|Date(s):||December 7, 1863 to December 12, 1863|
|Tag(s):||Civil War, prisoner|
|Course:||“ Culture, Power, and Society,” Rollins College|
William T. Stockton was a confederate soldier serving in the Florida Militia during the Civil War, acting as the Major and Lieutenant Colonel for the 1st Florida Calvary Regiment. Before this, he had been elected mayor of Quincy, Florida several times, as well as being married and having 9 children with his wife Julia. He served honorably during the Civil War, even returning from a nasty facial wound received while fighting against the Chickamunga tribe. In November of 1863, Stockton and several other regiments were overrun by Union forces and he was taken captive. He was taken to a Union Prison Camp in Sandusky, Ohio where he was released at Wars end.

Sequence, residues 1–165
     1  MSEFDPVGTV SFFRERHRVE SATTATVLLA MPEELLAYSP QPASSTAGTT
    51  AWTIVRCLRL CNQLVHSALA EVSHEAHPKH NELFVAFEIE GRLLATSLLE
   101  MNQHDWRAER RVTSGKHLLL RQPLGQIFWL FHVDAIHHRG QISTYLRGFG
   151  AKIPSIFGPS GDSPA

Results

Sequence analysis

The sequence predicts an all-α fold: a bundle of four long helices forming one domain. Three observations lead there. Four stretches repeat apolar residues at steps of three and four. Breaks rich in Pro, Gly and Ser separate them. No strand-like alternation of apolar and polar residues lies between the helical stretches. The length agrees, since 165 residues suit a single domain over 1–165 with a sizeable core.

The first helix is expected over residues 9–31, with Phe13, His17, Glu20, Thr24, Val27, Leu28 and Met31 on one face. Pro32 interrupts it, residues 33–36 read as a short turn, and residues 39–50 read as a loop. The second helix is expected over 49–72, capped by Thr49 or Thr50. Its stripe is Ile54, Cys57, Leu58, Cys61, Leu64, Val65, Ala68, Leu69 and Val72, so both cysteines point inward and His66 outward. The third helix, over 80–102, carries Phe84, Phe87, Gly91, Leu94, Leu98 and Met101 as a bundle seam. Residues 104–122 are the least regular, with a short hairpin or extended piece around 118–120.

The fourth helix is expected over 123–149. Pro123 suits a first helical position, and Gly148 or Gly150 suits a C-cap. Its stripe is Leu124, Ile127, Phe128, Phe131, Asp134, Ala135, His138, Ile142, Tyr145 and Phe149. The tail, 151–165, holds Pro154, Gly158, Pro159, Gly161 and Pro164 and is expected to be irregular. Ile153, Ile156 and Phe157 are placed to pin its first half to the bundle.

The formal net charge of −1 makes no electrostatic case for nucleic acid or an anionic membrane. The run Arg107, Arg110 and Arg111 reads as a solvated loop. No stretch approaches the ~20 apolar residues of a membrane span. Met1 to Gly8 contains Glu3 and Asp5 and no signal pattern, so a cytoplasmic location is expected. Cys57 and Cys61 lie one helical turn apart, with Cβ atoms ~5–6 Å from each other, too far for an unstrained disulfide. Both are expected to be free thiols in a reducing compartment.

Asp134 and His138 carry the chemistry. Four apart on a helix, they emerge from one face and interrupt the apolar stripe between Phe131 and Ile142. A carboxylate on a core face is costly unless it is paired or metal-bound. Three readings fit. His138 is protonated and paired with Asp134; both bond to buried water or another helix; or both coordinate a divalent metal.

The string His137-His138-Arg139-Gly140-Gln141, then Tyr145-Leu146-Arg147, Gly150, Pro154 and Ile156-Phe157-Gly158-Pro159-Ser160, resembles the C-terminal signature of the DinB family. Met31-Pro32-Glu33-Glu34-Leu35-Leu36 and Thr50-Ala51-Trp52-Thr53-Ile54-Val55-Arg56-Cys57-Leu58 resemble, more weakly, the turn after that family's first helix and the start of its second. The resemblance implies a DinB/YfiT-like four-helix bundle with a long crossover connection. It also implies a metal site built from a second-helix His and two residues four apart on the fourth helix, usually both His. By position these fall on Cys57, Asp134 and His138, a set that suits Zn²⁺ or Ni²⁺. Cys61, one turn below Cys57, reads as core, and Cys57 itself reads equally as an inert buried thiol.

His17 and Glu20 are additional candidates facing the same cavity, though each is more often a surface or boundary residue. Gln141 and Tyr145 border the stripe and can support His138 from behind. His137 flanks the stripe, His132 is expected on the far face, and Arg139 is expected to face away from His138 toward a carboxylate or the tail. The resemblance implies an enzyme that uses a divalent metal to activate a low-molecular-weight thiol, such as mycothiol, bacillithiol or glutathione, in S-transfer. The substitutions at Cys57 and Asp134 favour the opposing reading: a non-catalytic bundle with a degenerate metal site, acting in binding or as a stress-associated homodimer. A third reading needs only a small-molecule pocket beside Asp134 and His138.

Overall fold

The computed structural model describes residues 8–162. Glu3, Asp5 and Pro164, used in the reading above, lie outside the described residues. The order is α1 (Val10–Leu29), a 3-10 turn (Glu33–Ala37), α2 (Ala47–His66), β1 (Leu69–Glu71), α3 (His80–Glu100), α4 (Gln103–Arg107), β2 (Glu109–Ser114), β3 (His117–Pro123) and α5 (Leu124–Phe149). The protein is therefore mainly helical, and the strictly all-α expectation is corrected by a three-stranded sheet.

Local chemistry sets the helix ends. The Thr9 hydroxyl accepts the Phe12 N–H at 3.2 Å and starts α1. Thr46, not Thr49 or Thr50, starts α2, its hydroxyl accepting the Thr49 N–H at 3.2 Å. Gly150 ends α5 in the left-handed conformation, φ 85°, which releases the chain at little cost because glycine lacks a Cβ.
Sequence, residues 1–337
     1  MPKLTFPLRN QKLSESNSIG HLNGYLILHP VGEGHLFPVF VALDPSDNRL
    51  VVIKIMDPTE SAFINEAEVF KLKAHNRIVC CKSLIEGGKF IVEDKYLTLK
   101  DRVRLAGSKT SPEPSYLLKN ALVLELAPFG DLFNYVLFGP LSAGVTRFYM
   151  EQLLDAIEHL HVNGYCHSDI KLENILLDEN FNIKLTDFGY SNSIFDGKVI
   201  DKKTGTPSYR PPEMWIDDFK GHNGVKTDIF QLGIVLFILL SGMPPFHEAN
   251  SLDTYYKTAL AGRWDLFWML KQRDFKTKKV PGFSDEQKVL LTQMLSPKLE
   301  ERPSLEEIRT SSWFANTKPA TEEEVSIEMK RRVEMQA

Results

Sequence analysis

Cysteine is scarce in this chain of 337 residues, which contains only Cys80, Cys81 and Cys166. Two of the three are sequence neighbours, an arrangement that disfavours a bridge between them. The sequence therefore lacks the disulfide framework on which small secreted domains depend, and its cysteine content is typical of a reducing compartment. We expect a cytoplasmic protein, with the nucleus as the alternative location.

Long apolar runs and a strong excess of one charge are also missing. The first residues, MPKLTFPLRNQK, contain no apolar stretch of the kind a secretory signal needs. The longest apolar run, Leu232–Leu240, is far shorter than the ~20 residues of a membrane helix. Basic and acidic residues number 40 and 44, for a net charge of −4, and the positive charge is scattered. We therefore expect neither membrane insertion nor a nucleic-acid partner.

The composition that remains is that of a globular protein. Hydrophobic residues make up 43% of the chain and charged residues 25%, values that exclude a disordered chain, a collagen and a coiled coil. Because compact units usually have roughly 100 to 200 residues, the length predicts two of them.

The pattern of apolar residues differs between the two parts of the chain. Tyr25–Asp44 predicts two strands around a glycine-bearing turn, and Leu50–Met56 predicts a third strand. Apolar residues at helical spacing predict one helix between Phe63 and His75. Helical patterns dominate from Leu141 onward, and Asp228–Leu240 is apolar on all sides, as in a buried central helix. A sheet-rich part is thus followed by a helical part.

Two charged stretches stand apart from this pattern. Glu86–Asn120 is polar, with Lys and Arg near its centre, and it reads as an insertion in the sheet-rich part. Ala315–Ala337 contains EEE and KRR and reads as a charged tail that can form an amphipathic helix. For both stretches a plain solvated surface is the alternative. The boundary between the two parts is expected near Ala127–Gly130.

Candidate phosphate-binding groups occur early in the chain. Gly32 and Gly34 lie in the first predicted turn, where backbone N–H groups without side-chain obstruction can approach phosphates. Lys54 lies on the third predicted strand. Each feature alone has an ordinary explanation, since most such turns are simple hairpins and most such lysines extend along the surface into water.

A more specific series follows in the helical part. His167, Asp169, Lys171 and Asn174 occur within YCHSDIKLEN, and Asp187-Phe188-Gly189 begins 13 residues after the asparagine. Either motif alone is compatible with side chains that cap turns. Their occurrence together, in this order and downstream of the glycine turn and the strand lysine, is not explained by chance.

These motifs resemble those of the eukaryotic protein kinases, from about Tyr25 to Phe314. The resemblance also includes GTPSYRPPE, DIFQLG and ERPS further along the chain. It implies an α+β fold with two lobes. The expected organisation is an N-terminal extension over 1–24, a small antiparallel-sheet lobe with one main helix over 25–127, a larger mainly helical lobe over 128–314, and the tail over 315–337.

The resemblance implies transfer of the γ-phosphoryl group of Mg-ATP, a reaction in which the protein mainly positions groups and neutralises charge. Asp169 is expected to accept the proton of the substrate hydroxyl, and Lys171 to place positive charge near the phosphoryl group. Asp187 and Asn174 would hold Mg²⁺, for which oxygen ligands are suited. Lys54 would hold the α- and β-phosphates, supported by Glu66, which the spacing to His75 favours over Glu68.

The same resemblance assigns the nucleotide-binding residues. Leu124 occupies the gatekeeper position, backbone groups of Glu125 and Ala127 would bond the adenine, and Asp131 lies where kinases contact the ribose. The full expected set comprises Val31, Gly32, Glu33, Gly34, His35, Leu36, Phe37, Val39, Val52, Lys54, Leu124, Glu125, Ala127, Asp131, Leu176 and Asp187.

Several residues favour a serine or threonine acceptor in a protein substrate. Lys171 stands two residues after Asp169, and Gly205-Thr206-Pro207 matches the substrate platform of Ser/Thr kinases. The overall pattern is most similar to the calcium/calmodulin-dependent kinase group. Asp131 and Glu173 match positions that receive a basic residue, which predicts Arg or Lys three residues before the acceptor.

While imprisoned at this camp, Stockton and his fellow captives were treated well, and given things that they needed in order to survive. This was a far cry from what a normal Civil War prison camp, where the conditions were horrendous, and a scarcity of food led to rampant disease and death. These soldiers were not prepared to care for all of these soldiers, and either couldn't or wouldn't help the soldiers that needed care. In the end, close to 56,000 soldiers died during the Civil War in prison camps. This proves how lucky Stockton was to be stationed where he and his fellow captives were. They were clothed, fed, and watered, even dining on turkey with some of the other captives. This was There was also lots of changeover in the military ranks, as it has been reported that General Bragg had died and General Hardee has assumed command of the Confederacy. Stockton was eventually released at the end of the Civil War, and returned to Quincy, where he died in 1869.